According to the American Cancer Society’s website, September is an awareness month for the following: Prostate Cancer, Childhood Cancer, Ovarian Cancer, Gynecologic Cancer, Leukemia and Lymphoma, and Thyroid Cancer. Different organizations have launched campaigns supporting each of these causes, including fundraising events for cancer research, a wig drive, medical examinations, disease tests, donation collections, victim and family support groups, and much more.
On August 30, 2013, President Barak Obama released three Presidential Proclamations regarding one similar subject; cancer awareness. The President declared September 2013 to be National Childhood Cancer Awareness Month, National Ovarian Cancer Awareness Month and National Prostate Cancer Awareness Month. In each proclamation he explains statistics regarding survival and diagnosis rates, as well as the support of his administration to those affected by these three diseases.
Jeff Gordon’s Children’s Foundation launched its “Kick It for Children’s Cancer” campaign and stated that over 13,000 kids under the age of 15 are diagnosed with cancer each year. Other statistics include one in five kids diagnosed with cancer will die, one in 300 boys will develop cancer before the age of 20, and one in 333 girls will develop cancer before their 20th birthday. The foundation explains how important it is to raise awareness and to take action against pediatric cancer.
Over 22,000 women are diagnosed with Ovarian Cancer each year and approximately 15,000 will die, according to the National Ovarian Cancer Coalition (NOCC). There is not a specific medical test that detects Ovarian Cancer, therefore most cases aren’t caught until the later stages, lowering the survival rate.
One in six men are affected by Prostate Cancer, making it the most common non-skin cancer in the US. The Prostate Cancer Foundation explains that this disease affects mostly older men. For example, one in 10,000 men under the age of 40 will be diagnosed with Prostate cancer but one in 38 men ages 40-59 will develop the disease and an astounding one in 14 over the age of 60 will be diagnosed.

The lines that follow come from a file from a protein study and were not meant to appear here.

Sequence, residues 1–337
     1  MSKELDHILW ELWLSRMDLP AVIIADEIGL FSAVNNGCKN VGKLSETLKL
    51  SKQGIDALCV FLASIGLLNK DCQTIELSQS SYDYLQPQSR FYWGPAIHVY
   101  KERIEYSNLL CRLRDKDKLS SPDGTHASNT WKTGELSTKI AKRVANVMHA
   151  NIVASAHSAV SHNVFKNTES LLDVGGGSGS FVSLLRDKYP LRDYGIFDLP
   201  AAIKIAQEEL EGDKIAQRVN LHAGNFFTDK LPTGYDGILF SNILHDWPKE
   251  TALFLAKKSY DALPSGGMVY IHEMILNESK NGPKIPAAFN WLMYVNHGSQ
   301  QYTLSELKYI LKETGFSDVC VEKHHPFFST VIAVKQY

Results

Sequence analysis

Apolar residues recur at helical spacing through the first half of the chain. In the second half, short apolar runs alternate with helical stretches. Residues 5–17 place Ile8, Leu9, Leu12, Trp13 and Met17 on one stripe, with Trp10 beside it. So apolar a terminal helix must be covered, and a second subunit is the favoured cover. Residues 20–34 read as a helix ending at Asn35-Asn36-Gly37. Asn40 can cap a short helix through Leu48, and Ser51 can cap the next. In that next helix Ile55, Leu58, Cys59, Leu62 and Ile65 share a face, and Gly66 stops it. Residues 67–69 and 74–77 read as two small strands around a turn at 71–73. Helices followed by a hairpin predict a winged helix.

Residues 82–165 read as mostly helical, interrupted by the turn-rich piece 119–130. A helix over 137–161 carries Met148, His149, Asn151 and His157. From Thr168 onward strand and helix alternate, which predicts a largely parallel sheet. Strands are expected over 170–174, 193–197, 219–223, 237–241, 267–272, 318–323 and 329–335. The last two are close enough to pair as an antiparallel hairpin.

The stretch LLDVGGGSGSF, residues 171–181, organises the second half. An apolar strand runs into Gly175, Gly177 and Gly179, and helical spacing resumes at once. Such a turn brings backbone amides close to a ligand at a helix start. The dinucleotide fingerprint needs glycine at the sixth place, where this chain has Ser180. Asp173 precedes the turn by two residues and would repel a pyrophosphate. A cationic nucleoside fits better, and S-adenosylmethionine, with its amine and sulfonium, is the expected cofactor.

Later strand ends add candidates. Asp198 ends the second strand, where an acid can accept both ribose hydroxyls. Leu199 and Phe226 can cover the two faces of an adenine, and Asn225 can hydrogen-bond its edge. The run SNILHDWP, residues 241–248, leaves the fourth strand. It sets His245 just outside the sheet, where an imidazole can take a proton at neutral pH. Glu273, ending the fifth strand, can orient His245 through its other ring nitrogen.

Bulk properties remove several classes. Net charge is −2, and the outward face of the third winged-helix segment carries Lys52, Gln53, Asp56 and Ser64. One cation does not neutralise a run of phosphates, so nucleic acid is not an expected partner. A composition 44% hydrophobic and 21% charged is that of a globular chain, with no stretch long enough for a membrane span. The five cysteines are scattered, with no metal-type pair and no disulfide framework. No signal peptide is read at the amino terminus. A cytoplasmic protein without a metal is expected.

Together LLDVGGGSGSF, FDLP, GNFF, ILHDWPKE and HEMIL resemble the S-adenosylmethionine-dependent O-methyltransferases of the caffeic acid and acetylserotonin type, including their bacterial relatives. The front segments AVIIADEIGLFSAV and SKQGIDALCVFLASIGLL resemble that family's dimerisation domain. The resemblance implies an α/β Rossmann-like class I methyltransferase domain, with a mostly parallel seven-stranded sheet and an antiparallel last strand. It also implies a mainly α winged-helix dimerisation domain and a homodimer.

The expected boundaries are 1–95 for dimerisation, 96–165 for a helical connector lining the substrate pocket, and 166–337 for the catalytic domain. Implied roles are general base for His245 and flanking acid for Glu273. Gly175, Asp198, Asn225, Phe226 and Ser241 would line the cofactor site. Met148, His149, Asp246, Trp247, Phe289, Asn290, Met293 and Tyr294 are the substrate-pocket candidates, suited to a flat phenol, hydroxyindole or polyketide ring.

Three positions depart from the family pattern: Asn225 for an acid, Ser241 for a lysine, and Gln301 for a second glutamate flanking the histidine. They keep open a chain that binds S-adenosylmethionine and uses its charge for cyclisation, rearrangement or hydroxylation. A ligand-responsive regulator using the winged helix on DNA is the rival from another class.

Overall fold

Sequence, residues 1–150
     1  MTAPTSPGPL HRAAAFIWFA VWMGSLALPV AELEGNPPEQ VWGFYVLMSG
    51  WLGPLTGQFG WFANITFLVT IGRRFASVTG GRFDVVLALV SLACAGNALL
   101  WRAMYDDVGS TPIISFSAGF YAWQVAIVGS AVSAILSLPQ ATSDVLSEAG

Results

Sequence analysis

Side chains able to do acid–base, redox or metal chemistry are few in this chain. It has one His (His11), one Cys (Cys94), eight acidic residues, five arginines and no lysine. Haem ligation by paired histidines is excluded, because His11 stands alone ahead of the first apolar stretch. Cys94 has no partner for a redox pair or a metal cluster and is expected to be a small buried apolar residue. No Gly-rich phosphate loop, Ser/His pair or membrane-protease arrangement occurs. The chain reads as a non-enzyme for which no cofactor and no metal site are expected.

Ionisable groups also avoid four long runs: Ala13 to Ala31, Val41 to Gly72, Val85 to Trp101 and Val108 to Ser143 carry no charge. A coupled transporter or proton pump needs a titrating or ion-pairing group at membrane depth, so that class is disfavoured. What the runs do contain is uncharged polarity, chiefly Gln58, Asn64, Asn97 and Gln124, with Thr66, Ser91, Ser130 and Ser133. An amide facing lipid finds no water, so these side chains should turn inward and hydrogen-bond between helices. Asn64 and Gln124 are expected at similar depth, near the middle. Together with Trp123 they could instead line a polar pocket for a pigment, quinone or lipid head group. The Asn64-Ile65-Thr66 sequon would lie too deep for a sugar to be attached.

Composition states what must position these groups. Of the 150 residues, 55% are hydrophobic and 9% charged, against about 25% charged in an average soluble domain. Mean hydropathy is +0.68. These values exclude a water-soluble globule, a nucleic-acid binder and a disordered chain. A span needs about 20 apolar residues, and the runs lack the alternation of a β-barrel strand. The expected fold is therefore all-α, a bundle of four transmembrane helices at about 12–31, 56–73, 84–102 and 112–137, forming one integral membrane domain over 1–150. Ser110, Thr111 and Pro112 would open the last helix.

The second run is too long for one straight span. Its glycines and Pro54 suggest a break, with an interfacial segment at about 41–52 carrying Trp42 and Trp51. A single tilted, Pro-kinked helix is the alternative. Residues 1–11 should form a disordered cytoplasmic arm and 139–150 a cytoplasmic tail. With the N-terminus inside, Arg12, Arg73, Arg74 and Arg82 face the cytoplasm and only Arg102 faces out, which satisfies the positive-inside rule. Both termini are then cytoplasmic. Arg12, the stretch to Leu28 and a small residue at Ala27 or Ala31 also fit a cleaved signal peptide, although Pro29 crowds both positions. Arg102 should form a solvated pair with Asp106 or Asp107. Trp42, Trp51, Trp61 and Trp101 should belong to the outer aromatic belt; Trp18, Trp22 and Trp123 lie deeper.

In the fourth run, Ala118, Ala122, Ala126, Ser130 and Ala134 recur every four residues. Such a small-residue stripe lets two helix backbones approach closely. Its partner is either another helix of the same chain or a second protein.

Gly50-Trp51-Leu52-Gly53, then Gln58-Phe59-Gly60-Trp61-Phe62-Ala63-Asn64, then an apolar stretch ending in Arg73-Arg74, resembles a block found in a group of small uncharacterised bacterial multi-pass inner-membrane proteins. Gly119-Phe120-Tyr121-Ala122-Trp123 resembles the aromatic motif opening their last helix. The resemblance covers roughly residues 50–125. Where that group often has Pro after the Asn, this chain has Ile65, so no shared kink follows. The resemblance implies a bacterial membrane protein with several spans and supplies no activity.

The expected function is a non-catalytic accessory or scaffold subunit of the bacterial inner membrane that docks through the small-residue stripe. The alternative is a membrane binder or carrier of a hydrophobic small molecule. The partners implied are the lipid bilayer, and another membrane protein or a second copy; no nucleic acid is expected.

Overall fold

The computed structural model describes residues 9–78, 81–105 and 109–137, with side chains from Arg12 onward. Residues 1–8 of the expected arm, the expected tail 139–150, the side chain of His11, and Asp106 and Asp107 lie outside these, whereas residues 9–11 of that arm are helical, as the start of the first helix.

The key to preventing not only cancer but most health issues in general, is to take good care of yourself and your loved ones. Eating healthy and exercising, getting enough sleep and most importantly, getting the proper medical exams, are all ways to ensure you’ll be at your healthiest.
So how can we make a difference? Volunteer at a children’s hospital, walk in a cancer fundraiser, take your kids and other family members for their annual check-up; for physicians, encourage your patients to do all of the above, donate what you can, join a support group, and help raise awareness.
The American Academy of Anti-Aging Medicine (A4M) offers a Fellowship in Integrative Cancer Therapies (ICT), directed by Mark Rosenberg, MD. The Fellowship allows any healthcare practitioner to enroll and learn improved cancer treatments and how to overall improve the quality of life for cancer patients. Topics included in the Fellowship are Cancer Prevention, The Biology of Cancer, Immunology of Cancer, Targeted Cancer Therapies, Case Histories, Integrative Cancer Therapies, Dietary Treatments of Cancer, Nutritional Integrative Cancer Therapies, Detoxification, and New Radiological Treatments and Stem Cell Therapies. For more information, visit http://www.a4m.com/fellowships.html